Against this rich historical backdrop lives Louisa Barrett, the attractive, articulate headmistress of the Macaulay School for Girls. Protected by its powerful all-male board, "Miss Barrett" is treated as an equal by the men who control the life of the city. Lulled by her unique relationship with these titans of business, Louisa feels secure in her position, until a mysterious death at the power plant triggers a sequence of events that forces her to return to a past she has struggled to conceal, and to question everything and everyone she holds dear.
Both observer and participant, Louisa Barrett guides us through the culture and conflicts of a time and place where immigrant factory workers and nature conservationists protest violently against industrialists, where presidents broker politics, where wealthy "Negroes" fight for recognition and equality, and where women struggle to thrive in a system that allows them little freedom.
©1999 Lauren Belfer; (P)1999 Random House, Inc., Bantam Doubleday Dell Audio Publishing, A Division of Random House, Inc.
"...an ingenious first novel." (The New York Times Book Review)
I bought this book because the blurb sounded great, and it started out very well. The details about the beginnings of the electricity business and all the blurred notions of right and wrong that are part of any big money-making enterprise were very interesting. The protagonist is the victim of a crime--which goes unpunished by her or by others who know about it. The other crime that she uncovers in the true mystery of the story she decides to do nothing about. She really disappointed me as a woman; her choices were not those that a modern woman would make, and it ended up helping her not at all. The mystery is great, the history is interesting and chilling, but the protagonist was a disappointment to me.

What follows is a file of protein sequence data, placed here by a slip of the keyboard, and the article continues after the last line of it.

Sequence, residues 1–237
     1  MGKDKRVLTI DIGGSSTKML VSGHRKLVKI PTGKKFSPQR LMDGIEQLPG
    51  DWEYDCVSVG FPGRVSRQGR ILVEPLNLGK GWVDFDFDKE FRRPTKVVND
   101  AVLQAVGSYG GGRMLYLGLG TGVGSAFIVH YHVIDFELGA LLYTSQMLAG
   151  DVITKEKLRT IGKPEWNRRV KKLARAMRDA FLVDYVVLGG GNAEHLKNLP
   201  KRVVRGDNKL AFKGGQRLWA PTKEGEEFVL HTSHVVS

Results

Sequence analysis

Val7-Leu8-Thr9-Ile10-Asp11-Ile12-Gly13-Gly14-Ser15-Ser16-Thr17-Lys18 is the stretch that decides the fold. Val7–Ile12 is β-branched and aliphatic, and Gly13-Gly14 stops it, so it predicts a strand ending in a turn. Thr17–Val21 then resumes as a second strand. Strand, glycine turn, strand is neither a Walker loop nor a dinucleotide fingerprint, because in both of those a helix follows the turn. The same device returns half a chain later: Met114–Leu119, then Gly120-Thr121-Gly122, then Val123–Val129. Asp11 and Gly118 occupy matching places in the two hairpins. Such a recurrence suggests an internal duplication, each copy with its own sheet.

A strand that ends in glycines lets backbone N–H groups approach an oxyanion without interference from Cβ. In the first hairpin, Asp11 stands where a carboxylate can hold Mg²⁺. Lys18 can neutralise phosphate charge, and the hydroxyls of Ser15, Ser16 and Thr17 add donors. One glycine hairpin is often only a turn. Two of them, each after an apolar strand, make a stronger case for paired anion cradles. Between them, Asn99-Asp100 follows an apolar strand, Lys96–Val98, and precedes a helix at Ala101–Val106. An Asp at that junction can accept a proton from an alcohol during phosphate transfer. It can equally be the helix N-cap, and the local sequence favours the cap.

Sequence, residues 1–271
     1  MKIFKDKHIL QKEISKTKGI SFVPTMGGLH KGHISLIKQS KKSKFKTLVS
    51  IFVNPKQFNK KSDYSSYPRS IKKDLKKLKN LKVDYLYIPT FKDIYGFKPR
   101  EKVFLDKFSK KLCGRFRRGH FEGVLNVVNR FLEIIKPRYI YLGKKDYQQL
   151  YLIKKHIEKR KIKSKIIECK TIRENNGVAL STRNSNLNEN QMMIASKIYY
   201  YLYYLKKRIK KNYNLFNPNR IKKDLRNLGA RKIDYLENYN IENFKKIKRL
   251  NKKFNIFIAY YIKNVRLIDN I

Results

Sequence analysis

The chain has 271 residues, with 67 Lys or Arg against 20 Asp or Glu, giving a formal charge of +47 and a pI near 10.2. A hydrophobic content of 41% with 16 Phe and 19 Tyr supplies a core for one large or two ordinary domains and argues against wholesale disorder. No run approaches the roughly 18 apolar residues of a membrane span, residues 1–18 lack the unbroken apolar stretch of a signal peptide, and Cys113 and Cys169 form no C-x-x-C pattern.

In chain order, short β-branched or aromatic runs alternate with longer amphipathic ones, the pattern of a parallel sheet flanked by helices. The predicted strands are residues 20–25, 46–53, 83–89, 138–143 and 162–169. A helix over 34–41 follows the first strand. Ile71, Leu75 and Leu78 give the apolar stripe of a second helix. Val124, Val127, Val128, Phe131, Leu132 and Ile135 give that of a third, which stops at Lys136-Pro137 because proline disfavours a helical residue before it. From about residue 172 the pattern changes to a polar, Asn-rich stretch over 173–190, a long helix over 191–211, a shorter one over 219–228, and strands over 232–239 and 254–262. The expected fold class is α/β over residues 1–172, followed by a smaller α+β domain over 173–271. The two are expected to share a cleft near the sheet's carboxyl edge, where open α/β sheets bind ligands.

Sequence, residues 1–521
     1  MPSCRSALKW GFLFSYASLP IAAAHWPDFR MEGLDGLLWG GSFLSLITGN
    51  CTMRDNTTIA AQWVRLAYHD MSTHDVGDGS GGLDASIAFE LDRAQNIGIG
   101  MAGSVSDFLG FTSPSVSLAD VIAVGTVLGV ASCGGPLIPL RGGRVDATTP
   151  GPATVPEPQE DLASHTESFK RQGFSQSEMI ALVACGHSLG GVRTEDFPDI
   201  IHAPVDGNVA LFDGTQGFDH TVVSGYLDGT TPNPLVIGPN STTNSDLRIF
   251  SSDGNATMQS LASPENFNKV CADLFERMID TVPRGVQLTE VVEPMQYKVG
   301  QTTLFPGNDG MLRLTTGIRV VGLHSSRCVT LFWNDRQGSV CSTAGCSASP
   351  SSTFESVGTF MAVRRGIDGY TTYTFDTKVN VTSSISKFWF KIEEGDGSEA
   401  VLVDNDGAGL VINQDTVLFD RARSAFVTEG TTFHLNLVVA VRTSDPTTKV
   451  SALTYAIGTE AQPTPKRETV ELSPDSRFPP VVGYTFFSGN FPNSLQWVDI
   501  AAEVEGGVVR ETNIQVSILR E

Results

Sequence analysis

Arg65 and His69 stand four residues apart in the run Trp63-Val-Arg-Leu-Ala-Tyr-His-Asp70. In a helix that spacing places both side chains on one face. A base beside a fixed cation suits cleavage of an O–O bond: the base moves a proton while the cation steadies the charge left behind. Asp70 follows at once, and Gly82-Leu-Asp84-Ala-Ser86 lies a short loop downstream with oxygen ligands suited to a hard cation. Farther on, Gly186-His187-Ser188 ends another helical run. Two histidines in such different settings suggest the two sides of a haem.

I enjoyed the reader and the story. Tells a tale of gender differences and budding feminism effectively. Also recounts the beginning of electricity for the masses and how that occured.
The more we hear of how men made fortunes on the backs of the poor yet telling the world what they were doing was for our own good, the more it is the same. Very apt with the BP disaster in the Gulf.
Wish the sequel - Radiance of Light was being put into audio.
Report Inappropriate Content